PhD Thesis

I published and defended my PhD thesis in June 2018: The Sustainable City Becomes Climate-Smart: How Smart City Ideas Reshape Urban Environmental Governance

It is also available through Google Books.

Abstract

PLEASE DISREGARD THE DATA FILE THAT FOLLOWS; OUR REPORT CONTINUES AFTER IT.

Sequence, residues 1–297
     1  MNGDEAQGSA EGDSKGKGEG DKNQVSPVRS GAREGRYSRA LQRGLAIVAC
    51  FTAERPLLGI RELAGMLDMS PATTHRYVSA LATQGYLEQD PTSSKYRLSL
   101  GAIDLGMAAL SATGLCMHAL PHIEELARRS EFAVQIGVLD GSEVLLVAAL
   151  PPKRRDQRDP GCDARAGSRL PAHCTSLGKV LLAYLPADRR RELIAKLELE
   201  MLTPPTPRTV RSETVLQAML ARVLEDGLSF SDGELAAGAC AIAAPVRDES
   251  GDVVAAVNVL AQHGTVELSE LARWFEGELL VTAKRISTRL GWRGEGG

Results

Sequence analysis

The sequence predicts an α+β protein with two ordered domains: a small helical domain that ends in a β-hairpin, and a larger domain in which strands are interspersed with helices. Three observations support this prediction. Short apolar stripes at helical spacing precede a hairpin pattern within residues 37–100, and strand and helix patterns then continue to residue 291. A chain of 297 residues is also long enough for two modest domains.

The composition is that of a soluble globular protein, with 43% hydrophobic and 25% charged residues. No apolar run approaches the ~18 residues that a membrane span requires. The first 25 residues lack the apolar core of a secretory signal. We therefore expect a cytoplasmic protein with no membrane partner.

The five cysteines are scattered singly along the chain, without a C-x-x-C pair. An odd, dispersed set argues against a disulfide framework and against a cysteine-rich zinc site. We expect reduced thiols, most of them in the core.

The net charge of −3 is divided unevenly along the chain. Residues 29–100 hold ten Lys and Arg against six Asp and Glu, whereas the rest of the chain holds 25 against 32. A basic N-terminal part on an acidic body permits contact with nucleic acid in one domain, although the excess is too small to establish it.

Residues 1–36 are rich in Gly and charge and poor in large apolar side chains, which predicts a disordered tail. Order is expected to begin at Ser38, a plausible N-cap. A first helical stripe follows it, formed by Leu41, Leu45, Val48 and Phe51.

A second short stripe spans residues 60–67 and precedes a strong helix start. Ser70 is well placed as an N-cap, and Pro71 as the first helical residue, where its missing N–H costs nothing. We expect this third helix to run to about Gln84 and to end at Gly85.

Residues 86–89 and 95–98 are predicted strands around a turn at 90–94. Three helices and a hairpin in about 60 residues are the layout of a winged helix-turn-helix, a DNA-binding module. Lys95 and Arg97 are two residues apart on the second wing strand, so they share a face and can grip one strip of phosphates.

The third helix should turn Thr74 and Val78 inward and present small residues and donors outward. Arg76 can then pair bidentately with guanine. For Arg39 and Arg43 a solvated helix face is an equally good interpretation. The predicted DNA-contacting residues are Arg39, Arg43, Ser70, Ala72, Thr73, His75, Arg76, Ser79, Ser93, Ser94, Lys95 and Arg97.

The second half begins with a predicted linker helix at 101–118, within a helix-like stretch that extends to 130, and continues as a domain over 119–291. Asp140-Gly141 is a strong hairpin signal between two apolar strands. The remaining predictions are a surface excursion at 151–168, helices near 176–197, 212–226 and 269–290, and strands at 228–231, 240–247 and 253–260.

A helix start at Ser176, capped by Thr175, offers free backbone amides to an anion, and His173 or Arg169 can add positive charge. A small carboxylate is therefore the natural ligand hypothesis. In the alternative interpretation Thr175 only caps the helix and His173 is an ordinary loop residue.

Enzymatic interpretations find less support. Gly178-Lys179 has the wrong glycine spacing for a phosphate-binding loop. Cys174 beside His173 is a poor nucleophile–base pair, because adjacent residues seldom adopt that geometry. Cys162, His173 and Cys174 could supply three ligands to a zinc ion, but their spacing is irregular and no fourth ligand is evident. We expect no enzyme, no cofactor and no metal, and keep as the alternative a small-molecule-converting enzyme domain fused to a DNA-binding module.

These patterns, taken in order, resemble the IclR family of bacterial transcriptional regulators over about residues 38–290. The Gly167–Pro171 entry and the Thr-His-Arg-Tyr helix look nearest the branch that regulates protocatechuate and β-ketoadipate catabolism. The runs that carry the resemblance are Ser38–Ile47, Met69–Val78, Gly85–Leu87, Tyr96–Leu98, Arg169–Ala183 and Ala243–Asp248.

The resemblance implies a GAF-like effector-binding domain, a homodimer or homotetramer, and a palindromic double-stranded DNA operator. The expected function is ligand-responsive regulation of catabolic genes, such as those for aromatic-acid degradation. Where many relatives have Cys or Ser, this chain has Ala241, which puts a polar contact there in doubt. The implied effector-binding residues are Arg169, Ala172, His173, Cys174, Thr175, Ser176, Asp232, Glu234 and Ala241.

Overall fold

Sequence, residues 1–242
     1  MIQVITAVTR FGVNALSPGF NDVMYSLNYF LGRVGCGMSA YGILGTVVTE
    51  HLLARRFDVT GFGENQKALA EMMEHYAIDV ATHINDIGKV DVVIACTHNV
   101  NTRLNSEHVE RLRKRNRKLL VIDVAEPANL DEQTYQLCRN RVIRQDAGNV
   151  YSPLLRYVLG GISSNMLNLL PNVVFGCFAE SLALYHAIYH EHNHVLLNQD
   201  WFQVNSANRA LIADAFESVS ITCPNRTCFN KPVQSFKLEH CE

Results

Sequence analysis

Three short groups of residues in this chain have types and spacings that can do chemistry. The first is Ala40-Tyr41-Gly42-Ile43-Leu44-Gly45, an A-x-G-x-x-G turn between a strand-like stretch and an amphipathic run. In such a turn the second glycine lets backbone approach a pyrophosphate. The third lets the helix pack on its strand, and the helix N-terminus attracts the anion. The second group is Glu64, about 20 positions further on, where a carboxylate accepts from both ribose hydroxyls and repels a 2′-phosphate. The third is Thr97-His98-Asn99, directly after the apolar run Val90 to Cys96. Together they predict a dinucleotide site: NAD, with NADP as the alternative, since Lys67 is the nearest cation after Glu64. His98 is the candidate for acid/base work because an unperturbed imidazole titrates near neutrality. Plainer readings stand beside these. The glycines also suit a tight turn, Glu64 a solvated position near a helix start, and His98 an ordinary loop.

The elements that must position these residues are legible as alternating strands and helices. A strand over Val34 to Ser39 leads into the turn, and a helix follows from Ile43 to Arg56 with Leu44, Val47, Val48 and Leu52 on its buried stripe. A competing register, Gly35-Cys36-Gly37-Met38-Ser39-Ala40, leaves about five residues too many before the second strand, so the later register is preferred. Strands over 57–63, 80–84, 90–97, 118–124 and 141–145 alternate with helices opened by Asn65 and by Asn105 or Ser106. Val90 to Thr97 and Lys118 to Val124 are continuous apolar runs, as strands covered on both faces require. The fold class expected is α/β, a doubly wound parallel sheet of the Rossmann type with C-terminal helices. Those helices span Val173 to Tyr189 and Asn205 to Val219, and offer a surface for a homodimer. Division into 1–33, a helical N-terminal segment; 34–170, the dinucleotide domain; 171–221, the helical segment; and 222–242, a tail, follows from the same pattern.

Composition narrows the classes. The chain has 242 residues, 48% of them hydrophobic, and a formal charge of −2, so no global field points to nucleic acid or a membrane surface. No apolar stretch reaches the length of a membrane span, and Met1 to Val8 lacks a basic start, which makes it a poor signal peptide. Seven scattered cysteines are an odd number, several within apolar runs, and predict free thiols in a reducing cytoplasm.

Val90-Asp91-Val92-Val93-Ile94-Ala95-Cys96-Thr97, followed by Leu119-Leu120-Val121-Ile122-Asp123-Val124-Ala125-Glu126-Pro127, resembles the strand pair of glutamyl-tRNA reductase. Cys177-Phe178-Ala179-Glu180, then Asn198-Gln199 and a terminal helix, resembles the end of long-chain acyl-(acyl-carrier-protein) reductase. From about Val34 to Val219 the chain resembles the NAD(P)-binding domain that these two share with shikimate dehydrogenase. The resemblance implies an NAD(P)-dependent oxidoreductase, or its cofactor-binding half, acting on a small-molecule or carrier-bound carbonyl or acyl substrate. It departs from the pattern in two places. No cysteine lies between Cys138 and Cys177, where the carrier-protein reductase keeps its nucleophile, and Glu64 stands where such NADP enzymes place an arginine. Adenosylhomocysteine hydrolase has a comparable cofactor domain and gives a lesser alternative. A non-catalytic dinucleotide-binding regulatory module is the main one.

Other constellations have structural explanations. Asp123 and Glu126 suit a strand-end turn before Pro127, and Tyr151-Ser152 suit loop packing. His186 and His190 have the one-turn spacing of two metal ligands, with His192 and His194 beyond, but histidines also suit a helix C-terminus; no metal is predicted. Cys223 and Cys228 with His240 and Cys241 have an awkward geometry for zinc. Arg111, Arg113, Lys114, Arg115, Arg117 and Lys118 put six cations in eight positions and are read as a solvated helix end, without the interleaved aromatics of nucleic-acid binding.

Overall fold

The idea of smart cities has become enormously popular during the past decade. Environmental governance is one issue in which smart city ideas seem to hold potential. However, there is an incredible variety in what it means for a city to be ‘smart’. For some, it involves the use of information and communication technology (ICT) to solve problems; for others, it has more to do with economic growth and city branding. Many social science researchers have criticised the idea of smart cities. They worry that it might allow multinational corporations to take control of municipal governance and lead to an undue focus on technological solutions to societal issues. However, only a few previous studies have examined the influence on urban environmental governance in practice. This thesis investigates the influence of smart city ideas on urban environmental governance through a study of Hyllie, a climate-smart city district in Malmö, Sweden. It applies a theoretical perspective based on science and technology studies and the concept of assemblage. It combines participant-observation of inter-organisational meetings, interviews with professionals and document analysis. This thesis contributes a more comprehensive picture of which actors influence the direction of the climate-smart city—beyond the usual suspects of municipal governments and multinational companies. Still, it shows how ICT-based smart city solutions have taken precedence in urban environmental governance at the expense of energy efficiency and renewable energy.